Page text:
"The Prince & Me" makes no bones about the fact that it is a formulaic romantic fantasy, but it is still deceptive. For the first 90 minutes of its running time, the characters and situations were more or less based in reality, with the subject of a farm girl swept off her feet by a royal prince as plausibly handled as one could possibly expect. And then comes a climax that, in a key sequence set before a crowd of Denmark onlookers, strains the boundaries of one's suspension of disbelief. Still, this moment was hardly calamitous to the entire product. Unfortunately, it is followed by an enraging final scene that not only has a clumsy, tacked-on feel, as if test screening audiences got ahold of it in their narrow pursuit of a neat-and-tidy conclusion, but also goes against everything our heroine was set up to believe in. In this fleeting last second, "The Prince & Me" was converted from an amiable enough light entertainment into an unforgivably condescending waste of time.
Paige Morgan (Julia Stiles) is a studious pre-med student entering her final undergraduate year at a Wisconsin university. As she sees all of her old high school friends finally getting engaged and married, Paige has a difficult time understanding their intentions. She has never really been in love, and wants nothing more than to continue her schooling career at Johns Hopkins. When Paige meets Eddie (Luke Mably), a dashing new student who becomes her chemistry lab partner, they at first get off on the wrong foot. With assistant Soren (Eddie Miller) almost always in tow, she sees Eddie as little more than a spoiled rich kid. And then he surprised Paige with his charm and understanding, proving there is more to him than just money and smooth moves, and a romance gradually forms between the two. What Paige doesn't yet know is that Eddie's full name is Edvard Valdemaar Dangaard, and he is the distinguished Prince of Denmark.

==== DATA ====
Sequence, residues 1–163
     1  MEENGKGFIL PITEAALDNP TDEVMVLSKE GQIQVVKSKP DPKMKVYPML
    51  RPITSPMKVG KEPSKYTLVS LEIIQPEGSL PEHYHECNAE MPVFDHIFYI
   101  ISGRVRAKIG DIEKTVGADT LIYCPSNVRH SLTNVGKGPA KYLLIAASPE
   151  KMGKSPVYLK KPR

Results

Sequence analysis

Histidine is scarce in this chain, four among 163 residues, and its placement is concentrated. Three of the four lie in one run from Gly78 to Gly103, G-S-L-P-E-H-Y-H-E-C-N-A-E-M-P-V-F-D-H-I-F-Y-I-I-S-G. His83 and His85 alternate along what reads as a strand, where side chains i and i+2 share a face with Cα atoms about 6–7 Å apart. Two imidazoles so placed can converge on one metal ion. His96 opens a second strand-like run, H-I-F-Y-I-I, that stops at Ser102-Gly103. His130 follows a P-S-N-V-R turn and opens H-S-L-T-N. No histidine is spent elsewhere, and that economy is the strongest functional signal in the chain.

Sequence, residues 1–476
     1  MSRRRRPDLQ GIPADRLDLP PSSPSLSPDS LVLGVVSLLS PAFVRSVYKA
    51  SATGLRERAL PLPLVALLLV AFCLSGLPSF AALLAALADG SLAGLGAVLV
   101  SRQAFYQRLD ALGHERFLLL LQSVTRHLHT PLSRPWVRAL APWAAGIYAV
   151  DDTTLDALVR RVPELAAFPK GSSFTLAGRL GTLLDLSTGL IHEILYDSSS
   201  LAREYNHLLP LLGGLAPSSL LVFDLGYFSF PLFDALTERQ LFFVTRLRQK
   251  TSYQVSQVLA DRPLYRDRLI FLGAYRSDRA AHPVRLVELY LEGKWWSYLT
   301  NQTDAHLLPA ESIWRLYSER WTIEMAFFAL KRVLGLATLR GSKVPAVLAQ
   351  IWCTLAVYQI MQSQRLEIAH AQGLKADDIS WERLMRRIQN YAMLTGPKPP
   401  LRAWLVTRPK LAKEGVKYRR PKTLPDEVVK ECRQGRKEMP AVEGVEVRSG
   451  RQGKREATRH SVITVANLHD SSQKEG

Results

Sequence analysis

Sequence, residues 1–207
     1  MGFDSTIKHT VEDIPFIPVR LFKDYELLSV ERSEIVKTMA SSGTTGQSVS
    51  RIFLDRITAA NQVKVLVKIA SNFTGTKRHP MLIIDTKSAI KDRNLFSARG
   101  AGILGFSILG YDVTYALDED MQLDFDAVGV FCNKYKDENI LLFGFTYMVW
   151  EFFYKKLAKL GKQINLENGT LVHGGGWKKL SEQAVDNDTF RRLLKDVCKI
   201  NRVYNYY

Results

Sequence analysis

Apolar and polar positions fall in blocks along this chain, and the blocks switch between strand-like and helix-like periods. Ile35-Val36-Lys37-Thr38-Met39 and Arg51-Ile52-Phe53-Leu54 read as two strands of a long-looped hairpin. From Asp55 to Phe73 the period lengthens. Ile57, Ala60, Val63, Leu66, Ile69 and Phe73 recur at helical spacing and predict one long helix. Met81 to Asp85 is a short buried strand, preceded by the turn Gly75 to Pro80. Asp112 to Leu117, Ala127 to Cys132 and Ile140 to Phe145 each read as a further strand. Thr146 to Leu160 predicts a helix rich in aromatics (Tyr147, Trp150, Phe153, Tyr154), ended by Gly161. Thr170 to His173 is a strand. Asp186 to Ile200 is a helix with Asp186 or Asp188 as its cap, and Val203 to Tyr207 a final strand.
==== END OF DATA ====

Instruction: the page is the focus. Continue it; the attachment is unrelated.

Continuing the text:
Directed by Martha Coolidge (1983's "Valley Girl"), "The Prince & Me" takes a detour in the second half, bringing to the forefront Paige's compelling dilemma. Tracking down Eddie in Denmark after he returns home to be with his ailing father, Paige finds herself suddenly engaged and faced with becoming a princess. What she soon comes to understand, however, is that she is simply not cut out for being royalty, especially at the expense of a future medical career that she is so passionate about. For a while, the film seems to be headed down a more honest and mature path than the average frothy romance, with Paige unwilling to give up her hard-earned dreams for a fairy tale life of luxury.
Due either to the spineless screenplay by Jack Amiel, Michael Begler, and Katherine Fulgate, or a last-minute reshoot, this appreciably realistic trajectory is not to be. The way in which Paige's quandary and relationship to Eddie are wrapped up feels abrupt and cheap, foregoing a number of more truthful (and still upbeat) alternative endings for one that gives Paige the short end of the stick. For a young woman whom the viewer has grown to like and admire, she is not treated with the respect she deserves.
Perhaps the ending of "The Prince & Me" is so disappointing because Julia Stiles (2003's "Mona Lisa Smile
") injects Paige, as she can be counted on to do with all her characters, with real intelligence and resiliency. Stiles naturally has these character traits, almost no matter what the part, and here she ultimately comes off as far smarter than the stock screenplay she is stuck within. What Paige is asked to go along with in that sloppy final scene simply isn't believable to how she would really react in the situation, and so the whole film collapses around her. Julia Stiles is one of the very best actresses of her generation, and is good enough to almost make the film (minus the last minute or two) worth seeing. Not quite, but she gives it her best shot.
As love interest Eddie, Luke Mably (2003's "28 Days Later
") joins the ranks of Matthew Goode in 2004's worse "Chasing Liberty
" and Josh Duhamel in 2004's better "Win a Date with Tad Hamilton!
" as no-name love interests asked to basically be bland and withhold their bigger female co-stars. To his credit, Mably is plausible as a prince and does share adequate chemistry with Stiles, which is more than could be said between Goode and Mandy Moore in "Chasing Liberty
In bringing "The Prince & Me" to the screen, director Martha Coolidge and sharing distributors Paramount and Lion's Gate have sold themselves, and audiences, short. A featherweight romance for teenage audiences doesn't have to invent the wheel, but it does need to treat its heroine with the same respect put into setting up the character in the first place. "The Prince & Me" fails to do this, mistakenly believing that all viewers will leave happy only if they see their lead female character ride away happily into the sunset with her prince. If that was the way the filmmakers wanted to go, then they shouldn't have set the story in a place resembling the real world. The ending, plain and simple, cheapens all that has come before.